September 28th, 2007
Jenny McCarthy has been popping up everywhere lately. I have seen her on several talk shows and then this week she was on Larry King Live promoting her new book Louder Than Words. The book is about her son’s autism and how she basically put it into remission.
I know what some people are going to think after reading this post. Some folks are going to think, “Oh great, Michele has gone off the deep end. She’s become a full blown freak, willing to put her son’s health at risk over a bunch of speculation.” I say, why stop now? I love getting hate mail! No, seriously, I’m not making irrational decisions or doing anything over-the-top at all. I’m merely thinking about my options at this point because the whole vaccination situation has me concerned. For example, right now, I’m very wary of injecting my son with any vaccination containing thermisol or any other potentially damaging preservative commonly found in vaccinations. Hell, I’m even frightened to inject him with a virus as minute as it may be. I worked my ass off during my entire pregnancy to make sure he didn’t come in contact with anything that could potentially harm him. And I don’t intend to throw that all away now. Perhaps, had I given birth to a daughter, I wouldn’t be as concerned. (Males are three times more likely to be diagnosed with autism. Folks who believe vaccinations are the culprit think that’s because estrogen protects a child better than testosterone.)
(From CDC Web site).
“Currently, CDC recommends vaccination against 12 vaccine-preventable diseases. Because some of these vaccines have to be administered more than once, a child may receive up to 23 shots by the time he or she is 2 years of age. Depending on the timing, a child might receive up to six shots during one visit to the doctor.”
That’s a lot of vaccinations/boosters to administer to our most vulnerable.
I am left with a hundred questions. Is a 2-year-old’s immune system able to handle that many vaccinations? And when they combine them, can that bring out unforeseen side effects? Who’s to say what happens to a child’s immune system when confronted with a combined vaccination or a single one for that matter? Can we safely say that each vaccination is going to affect every child the same way? Because until they can absolutely guarantee that, I will question the governments requests.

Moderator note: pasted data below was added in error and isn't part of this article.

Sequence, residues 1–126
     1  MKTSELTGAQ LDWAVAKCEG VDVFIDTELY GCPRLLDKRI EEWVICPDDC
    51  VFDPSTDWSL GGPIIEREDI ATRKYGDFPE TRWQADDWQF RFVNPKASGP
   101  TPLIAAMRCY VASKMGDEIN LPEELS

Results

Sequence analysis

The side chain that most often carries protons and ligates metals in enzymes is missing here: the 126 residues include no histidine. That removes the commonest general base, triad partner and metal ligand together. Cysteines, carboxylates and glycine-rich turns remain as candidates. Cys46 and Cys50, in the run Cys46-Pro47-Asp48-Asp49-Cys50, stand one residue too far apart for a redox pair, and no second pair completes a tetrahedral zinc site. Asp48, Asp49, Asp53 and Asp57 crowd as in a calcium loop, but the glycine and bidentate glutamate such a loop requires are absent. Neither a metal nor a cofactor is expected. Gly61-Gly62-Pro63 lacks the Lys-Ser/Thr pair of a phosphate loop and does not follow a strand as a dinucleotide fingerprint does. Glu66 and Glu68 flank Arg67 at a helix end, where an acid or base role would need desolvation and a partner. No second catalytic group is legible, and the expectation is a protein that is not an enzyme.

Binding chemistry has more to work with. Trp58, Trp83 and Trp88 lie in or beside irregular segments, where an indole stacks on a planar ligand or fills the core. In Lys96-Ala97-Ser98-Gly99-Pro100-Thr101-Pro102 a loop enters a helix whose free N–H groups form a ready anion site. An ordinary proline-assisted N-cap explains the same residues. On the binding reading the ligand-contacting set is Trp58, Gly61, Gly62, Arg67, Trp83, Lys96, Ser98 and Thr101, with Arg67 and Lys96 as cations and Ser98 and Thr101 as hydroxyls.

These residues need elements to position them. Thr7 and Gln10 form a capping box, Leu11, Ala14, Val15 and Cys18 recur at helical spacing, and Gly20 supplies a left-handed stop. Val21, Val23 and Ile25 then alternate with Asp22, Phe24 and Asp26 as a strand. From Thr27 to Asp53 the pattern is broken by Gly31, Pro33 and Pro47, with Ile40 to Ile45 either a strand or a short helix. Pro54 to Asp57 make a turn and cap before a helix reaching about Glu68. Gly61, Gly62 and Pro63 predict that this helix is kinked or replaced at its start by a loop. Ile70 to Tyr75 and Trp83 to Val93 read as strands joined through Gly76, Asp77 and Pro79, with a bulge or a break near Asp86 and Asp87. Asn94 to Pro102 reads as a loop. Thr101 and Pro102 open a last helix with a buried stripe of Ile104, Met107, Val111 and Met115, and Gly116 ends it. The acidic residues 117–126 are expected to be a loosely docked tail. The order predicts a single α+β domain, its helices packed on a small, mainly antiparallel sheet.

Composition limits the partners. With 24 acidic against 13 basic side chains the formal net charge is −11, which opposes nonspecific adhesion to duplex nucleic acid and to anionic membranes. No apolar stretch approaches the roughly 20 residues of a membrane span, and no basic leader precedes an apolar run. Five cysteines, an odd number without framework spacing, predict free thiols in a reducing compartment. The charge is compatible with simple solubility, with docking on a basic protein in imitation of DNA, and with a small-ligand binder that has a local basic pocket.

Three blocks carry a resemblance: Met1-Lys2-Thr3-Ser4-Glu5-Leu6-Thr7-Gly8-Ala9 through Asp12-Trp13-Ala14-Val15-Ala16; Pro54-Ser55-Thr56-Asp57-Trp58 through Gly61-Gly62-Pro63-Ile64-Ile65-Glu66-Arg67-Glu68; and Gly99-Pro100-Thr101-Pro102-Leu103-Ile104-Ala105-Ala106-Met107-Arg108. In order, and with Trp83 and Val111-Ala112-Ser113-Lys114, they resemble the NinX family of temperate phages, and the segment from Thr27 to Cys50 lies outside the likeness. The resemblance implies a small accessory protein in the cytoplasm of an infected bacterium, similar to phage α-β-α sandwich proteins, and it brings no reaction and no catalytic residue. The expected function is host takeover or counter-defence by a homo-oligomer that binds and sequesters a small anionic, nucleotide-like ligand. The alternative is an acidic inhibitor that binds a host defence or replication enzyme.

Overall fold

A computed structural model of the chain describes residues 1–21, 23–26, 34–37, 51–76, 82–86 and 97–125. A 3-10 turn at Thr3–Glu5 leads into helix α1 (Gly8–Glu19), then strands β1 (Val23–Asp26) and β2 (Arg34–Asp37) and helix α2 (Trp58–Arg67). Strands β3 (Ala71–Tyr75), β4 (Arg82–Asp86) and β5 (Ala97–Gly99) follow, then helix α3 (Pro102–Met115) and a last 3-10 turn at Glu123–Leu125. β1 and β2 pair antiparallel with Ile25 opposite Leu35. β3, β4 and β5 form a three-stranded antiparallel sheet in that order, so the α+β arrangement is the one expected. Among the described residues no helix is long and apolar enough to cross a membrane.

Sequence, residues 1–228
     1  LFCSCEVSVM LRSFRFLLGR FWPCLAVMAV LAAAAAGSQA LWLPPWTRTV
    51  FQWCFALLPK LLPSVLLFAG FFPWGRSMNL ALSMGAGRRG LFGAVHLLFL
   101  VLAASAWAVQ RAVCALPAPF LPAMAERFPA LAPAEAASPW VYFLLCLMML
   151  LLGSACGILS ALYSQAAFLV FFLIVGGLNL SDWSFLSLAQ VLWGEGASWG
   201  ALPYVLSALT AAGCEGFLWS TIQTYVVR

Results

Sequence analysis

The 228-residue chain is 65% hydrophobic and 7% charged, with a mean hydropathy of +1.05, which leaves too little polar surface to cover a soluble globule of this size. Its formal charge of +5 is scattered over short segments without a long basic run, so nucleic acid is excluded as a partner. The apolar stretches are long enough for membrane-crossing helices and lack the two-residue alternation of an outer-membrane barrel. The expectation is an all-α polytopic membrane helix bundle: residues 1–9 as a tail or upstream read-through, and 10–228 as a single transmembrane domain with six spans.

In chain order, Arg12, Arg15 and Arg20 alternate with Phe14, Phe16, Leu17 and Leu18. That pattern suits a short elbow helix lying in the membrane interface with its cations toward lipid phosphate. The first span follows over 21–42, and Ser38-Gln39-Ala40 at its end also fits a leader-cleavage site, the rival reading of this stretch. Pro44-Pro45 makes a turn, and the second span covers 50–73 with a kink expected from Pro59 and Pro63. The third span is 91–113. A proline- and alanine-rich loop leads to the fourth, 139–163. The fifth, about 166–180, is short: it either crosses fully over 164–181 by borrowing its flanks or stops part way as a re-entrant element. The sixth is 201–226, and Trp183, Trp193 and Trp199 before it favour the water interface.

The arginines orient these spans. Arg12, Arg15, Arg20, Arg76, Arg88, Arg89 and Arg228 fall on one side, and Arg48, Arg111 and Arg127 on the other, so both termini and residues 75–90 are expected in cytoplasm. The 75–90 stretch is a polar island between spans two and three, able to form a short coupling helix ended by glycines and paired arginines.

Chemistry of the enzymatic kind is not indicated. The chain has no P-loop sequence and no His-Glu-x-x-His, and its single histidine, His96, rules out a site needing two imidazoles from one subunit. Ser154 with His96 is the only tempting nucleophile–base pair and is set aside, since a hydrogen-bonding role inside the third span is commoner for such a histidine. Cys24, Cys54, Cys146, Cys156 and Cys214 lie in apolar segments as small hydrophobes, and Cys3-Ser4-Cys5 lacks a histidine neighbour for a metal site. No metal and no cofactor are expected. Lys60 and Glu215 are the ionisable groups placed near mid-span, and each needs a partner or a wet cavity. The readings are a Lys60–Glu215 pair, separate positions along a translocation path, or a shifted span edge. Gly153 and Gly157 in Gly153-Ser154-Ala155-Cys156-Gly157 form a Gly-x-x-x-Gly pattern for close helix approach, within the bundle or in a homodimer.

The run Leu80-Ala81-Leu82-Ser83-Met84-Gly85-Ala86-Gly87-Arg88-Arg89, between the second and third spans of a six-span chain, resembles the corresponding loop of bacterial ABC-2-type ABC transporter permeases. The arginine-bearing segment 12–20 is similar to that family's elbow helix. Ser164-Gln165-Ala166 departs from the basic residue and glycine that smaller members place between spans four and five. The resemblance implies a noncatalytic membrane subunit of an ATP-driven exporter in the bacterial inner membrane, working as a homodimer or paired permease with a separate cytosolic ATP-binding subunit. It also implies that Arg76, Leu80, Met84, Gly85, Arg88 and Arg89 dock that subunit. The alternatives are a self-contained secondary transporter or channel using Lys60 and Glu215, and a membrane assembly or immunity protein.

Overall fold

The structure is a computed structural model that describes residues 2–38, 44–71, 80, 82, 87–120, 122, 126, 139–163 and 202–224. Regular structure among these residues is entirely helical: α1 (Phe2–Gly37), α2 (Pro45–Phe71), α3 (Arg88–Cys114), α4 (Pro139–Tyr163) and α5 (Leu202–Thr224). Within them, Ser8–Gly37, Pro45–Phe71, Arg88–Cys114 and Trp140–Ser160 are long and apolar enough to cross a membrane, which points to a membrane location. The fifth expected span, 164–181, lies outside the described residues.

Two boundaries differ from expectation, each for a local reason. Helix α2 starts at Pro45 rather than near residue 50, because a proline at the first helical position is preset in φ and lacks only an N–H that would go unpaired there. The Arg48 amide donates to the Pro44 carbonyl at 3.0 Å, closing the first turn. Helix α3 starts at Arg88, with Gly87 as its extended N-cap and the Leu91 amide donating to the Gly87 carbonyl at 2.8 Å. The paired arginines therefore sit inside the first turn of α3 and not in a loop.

Statistics show that most vaccinations are perfectly safe for most children. And I realize that vaccinations are there to protect our children from life-threatening illnesses. I’m not saying that we won’t vaccinate Emory. But I want to ask my pediatrician the right questions when and if that time comes for us. I don’t want to walk blindly into this, agree to everything just because our government says I should. (A week ago, that’s exactly what I would have done.) Also, just because it’s statistically safe for most children doesn’t mean that it’s going to be safe for mine.
Tobyjoe and I aren’t stupid. We won’t deprive Emory from what he needs. But the United States vaccination process has me concerned. We just want what’s best for our child. We want to make the correct decisions for him. And, if for some reason they do eventually link autism (or any other neurological deficit) to vaccinations, I will never, ever be able to forgive myself.
And so it begins. Tobyjoe and I have exactly one year to research the living hell out of the vaccination situation. And I can only hope that before our time comes things will feel safer. And people like Jenny McCarthy are helping this along. Perhaps by the time we have to face the inevitable, they’ll have figured out why autism is so prevalent in our culture today. (Currently, 1 in every 150 children have autism in the United States. That sounds like an epidemic to me.)
And who knows, maybe by then they’ll have a vaccination for autism.Tags: debate, health, Politics, vaccinations